Geico and AFLAC have recently done very well with their talking animal ads. By using the same animals over and over to reinforce the marketing message � after all, that poor duck could surely use some disability insurance of his own by now! � both companies have created a brand awareness second to none. Ask the random person to identify a disability insurance company, and chances are that they�ll tell you about AFLAC. Ask them about another disability insurance company, and you�ll be lucky if they can name even one.
Key #3: Create a character.
Create a �character� as part of your brand image. This character should show up EVERYWHERE � including television commercials, on the literature you distribute at the show, in your signage and graphics, and potentially as stuffed animals. The Serta Sheep toys have taken on a life of their own, and each and every one of them goes out with the company name blazoned on the side. That�s humorous marketing at work. Consumers buy these secondary products because of the laugh-factor, and bring a constant advertisement into their home. The influence on subsequent purchasing decisions may be minor, but it is in fact there.
Humor can be a great way to convey your marketing message. Geico has done this very well with the �I saved money on my car insurance by switching to Geico!� series of commercials. Exercise equipment salesmen, politicians, animated characters � all have been pressed into service to recite those ten words. Using different settings keeps the audience engaged, while constant repitition drives the message home.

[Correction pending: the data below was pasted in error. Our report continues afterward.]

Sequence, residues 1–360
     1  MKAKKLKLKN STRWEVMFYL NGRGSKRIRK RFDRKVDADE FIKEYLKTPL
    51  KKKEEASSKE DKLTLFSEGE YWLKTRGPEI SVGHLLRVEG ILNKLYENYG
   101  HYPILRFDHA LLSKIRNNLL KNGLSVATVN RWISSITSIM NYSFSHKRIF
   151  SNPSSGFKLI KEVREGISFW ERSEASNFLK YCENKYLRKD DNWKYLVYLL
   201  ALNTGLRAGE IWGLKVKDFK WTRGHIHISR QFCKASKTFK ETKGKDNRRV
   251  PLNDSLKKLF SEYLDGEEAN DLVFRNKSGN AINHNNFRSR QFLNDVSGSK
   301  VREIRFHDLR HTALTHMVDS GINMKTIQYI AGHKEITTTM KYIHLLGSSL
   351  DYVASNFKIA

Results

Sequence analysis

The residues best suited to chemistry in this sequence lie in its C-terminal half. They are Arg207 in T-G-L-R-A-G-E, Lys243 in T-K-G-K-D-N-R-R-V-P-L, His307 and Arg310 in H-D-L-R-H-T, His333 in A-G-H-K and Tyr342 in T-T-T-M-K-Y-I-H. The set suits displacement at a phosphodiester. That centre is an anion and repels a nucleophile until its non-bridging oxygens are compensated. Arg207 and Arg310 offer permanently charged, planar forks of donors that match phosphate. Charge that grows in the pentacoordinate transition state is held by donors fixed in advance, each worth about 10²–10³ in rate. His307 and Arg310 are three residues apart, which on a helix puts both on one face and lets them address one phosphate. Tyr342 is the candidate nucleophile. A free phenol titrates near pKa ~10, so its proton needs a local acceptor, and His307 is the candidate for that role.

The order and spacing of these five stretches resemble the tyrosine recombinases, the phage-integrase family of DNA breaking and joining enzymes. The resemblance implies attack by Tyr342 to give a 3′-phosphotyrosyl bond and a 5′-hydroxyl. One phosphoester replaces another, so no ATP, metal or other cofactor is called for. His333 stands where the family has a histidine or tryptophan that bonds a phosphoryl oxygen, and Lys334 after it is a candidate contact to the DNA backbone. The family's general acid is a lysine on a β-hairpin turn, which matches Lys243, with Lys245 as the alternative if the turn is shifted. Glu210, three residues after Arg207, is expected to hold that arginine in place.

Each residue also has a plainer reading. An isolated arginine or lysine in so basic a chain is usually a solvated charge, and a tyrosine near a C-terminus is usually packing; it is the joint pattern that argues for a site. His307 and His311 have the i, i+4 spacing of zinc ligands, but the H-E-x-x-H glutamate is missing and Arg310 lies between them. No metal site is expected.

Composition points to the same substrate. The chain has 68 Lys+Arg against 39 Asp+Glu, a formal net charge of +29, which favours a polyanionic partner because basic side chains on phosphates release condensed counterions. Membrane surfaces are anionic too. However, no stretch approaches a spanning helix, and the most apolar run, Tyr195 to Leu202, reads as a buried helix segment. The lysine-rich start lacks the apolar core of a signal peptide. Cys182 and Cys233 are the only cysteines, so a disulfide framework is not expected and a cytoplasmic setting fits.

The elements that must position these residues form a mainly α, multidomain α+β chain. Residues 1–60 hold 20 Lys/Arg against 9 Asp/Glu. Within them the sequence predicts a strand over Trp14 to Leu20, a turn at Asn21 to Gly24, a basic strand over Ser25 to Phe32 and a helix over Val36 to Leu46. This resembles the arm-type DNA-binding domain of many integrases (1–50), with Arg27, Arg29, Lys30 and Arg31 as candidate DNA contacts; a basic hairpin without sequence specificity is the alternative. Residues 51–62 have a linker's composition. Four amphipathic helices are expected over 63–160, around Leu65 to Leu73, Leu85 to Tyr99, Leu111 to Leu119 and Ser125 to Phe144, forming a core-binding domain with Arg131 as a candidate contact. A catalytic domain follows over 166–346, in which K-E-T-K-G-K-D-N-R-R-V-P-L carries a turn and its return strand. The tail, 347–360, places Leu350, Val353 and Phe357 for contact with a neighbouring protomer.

Key #4: Repetition counts.
Remember, consumers need to hear a message at least six times before they�ll recall it easily. The trick is to keep the presentation fresh while the message remains constant.
Comedians world-wide will tell you that humor is a tough business. It�s hard to tell what will make one person laugh and another roll their eyes in disgust. However, if a joke falls flat for a comedian, they simply move on to the next joke and keep moving. If you�ve invested tons of time and money in your humor campaign, you need to know these three things:
1. It must be funny.
Test the campaign on objective people. Lots of objective people. If the majority laugh, you�re golden. However, if less than half the people get the joke, drop it.
2. It must be quick.
There are great funny jokes that take half an hour to tell. That�s nice. Inflict them on your relatives or when you�ve got a whole room full of trapped subordinates. Customers aren�t going to give you that much of their time. You�ve got half a minute tops to get them laughing.
3. It must reflect well on your company.
Ethnic, racial, sexual, and gender based humor has absolutely no place in the corporate world. Perceived slurs � even if they are made in the guise of a joke � will travel around the world as fast as the internet can move, and suddenly your company will have all kinds of attention they don�t want.
Laughing is a lot of hard work, isn�t it? But once you�ve found the right balance, you�ll have an advertising campaign that will draw the crowds into your exhibit � and more importantly, toward buying your products and services.
Written by Susan A. Friedmann, CSP, The Tradeshow Coach, Lake Placid, NY, internationally recognized expert working with companies to increase their profitability at tradeshows.
Author: �Meeting & Event Planning for Dummies,� and �Riches in Niches: How to Make it BIG in a small Market� (May 2007). www.thetradeshowcoach.com